Asian shares were mostly lower Tuesday as investors questioned if a 90-day truce in a tariffs battle will allow the U.S. and China to resolve a range of issues from technology development to trade. WALL STREET: A cease-fire in a trade dispute between the world's two largest economies lifted major U.S. indexes on Monday. U.S-CHINA TRUCE: On Saturday, a meeting between U.S. President Donald Trump and Chinese President Xi Jinping ended with a verbal agreement to hold off on further tariffs for at least 90 days.
The pan-European Stoxx 600 was up more than 1.6 percent during mid-morning deals, with almost all sectors in positive territory. Germany's DAX index led the gains among the major bourses, surging around 2.5 percent Monday morning. Market focus is largely attuned to global trade developments, after Washington and Beijing effectively agreed to pause their trade war and work toward a more comprehensive pact.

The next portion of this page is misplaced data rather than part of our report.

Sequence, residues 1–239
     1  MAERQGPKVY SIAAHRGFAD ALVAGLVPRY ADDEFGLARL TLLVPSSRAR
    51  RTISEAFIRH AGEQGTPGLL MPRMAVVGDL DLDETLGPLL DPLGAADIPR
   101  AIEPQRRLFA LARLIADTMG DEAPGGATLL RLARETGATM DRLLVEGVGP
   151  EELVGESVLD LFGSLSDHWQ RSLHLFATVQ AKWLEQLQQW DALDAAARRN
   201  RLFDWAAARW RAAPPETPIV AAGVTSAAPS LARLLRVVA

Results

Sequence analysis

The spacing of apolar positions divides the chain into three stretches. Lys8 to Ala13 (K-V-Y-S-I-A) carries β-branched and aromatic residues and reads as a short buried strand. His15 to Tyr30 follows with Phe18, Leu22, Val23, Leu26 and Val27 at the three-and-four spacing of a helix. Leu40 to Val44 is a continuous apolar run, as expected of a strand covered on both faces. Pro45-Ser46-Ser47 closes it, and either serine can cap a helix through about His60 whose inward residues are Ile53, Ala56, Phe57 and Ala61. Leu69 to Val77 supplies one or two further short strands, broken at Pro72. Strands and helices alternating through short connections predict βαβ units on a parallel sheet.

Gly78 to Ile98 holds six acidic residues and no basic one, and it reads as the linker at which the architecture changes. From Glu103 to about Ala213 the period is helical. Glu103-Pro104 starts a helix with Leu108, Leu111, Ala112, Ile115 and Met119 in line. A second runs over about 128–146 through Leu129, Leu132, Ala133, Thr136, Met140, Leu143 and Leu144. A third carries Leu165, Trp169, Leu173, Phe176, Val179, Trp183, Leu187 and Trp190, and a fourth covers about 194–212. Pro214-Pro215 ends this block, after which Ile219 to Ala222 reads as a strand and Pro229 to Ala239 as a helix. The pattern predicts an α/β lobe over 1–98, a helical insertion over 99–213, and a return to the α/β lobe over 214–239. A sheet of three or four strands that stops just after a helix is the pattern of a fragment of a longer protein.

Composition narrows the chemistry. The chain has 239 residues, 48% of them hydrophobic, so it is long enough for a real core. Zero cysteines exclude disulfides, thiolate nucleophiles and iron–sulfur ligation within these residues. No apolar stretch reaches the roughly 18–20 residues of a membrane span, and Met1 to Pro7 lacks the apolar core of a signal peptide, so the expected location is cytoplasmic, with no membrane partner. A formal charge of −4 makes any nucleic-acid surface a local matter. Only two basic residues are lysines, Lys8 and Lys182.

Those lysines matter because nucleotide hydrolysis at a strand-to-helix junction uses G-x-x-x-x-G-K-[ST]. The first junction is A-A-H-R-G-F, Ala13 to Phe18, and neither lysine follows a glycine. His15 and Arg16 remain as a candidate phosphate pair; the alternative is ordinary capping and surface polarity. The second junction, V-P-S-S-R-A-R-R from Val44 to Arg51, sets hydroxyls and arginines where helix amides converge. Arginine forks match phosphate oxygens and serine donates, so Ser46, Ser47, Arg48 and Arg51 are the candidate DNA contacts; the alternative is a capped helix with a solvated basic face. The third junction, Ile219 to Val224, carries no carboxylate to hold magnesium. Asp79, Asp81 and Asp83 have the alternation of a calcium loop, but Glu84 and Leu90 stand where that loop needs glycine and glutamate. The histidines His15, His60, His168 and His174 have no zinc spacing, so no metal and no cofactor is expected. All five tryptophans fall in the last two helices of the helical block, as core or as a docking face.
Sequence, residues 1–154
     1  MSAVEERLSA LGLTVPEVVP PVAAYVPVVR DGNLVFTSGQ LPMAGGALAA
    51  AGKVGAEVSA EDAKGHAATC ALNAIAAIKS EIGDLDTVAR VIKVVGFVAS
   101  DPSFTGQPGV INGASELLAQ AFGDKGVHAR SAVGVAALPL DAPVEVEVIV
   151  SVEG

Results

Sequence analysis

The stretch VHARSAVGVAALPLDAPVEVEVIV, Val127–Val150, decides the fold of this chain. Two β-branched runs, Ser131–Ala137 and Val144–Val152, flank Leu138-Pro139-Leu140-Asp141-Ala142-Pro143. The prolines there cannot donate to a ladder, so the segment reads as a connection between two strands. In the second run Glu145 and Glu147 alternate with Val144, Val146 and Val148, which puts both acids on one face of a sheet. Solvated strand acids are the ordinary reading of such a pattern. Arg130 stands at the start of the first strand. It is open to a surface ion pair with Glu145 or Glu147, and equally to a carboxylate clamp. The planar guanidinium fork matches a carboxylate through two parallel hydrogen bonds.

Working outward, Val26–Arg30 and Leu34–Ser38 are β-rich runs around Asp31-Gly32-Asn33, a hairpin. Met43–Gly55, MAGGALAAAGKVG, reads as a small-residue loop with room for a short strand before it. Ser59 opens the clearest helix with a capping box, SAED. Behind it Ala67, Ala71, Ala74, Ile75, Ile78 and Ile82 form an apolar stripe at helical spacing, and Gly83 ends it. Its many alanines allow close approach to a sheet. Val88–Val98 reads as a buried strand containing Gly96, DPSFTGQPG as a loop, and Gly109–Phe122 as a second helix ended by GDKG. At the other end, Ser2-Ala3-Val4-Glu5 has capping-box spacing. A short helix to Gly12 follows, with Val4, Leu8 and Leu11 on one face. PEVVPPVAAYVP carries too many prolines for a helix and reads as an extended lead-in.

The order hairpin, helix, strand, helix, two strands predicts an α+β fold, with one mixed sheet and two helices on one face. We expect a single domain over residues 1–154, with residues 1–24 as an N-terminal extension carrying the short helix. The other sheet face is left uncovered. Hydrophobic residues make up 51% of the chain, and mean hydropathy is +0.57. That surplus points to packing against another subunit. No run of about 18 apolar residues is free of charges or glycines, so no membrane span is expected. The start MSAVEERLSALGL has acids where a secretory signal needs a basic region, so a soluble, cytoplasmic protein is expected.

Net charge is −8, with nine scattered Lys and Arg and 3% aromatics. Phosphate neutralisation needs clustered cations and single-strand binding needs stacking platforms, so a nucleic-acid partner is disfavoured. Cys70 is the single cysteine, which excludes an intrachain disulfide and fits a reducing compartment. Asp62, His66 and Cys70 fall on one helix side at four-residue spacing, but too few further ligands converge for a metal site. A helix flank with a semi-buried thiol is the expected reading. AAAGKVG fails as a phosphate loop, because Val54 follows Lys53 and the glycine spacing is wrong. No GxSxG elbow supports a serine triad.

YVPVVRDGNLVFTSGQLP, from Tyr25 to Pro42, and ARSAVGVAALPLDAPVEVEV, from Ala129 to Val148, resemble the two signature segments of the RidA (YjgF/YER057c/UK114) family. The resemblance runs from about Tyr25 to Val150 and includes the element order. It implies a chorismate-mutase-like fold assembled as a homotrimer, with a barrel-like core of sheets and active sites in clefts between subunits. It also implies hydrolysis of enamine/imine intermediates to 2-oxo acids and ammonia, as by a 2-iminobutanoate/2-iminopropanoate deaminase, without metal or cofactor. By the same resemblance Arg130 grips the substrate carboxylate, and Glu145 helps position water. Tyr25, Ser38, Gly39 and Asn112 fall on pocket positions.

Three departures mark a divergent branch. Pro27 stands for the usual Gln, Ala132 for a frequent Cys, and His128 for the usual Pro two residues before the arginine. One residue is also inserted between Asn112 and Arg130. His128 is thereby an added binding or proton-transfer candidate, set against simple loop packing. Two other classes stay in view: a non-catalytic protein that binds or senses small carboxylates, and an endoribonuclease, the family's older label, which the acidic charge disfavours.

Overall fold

European shares fell back on Friday as weak data from China rekindled anxiety over slowing growth and investors fretted ahead of Saturday's crucial G20 talks between U.S. President Trump and China's Xi Jinping over trade. Germany's DAX, the most sensitive to China due to its big exporters, fell 0.6 percent. "There are only two people in the world that can deliver a Santa rally, Trump and Xi, and I don't see that happening," said Peter Garnry, head of equity strategy at Saxo Bank in Copenhagen.